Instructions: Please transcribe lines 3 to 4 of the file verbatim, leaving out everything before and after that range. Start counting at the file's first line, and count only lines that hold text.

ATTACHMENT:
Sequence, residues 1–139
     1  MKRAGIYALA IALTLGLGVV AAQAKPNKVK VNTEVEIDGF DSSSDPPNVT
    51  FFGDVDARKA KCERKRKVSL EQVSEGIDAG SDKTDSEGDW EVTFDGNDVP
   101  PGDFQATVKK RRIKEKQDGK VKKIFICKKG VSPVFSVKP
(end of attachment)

    51  FFGDVDARKA KCERKRKVSL EQVSEGIDAG SDKTDSEGDW EVTFDGNDVP
   101  PGDFQATVKK RRIKEKQDGK VKKIFICKKG VSPVFSVKP